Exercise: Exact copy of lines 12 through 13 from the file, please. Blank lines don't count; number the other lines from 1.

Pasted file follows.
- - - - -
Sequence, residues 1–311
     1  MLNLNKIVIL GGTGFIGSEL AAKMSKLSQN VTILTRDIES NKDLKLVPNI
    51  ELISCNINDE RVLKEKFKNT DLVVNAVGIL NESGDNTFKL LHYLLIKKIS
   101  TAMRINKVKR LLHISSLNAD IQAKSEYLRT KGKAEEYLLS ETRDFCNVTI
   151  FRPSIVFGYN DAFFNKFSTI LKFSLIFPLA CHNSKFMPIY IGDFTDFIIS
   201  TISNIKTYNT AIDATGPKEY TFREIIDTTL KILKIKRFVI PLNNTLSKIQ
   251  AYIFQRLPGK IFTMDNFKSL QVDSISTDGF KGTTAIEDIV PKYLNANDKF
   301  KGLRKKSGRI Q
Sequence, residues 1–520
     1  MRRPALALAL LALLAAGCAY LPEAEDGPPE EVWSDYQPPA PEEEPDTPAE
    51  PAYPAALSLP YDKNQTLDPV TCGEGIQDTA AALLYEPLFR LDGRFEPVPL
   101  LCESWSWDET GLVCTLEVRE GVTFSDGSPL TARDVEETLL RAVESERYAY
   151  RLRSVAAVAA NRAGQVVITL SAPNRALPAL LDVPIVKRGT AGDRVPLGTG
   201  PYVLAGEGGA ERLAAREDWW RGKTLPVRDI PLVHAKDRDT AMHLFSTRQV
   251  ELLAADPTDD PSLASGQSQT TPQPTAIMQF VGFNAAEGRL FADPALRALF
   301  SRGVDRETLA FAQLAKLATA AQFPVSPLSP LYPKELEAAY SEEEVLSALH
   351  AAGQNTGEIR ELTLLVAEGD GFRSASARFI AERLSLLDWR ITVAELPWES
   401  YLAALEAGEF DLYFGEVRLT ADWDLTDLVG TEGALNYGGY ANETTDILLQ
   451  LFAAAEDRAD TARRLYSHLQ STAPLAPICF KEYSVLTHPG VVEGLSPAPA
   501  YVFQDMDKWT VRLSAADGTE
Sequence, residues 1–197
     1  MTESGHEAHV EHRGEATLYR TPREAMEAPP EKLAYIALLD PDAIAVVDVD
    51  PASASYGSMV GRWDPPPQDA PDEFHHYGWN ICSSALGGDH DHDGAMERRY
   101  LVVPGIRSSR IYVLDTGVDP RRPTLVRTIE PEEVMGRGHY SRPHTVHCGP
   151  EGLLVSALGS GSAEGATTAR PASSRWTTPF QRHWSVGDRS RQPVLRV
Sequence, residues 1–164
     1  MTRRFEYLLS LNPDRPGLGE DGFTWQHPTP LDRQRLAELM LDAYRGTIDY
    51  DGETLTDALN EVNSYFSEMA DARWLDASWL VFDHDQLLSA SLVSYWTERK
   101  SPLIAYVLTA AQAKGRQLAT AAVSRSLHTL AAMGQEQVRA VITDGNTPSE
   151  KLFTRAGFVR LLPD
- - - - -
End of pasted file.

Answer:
   101  LCESWSWDET GLVCTLEVRE GVTFSDGSPL TARDVEETLL RAVESERYAY
   151  RLRSVAAVAA NRAGQVVITL SAPNRALPAL LDVPIVKRGT AGDRVPLGTG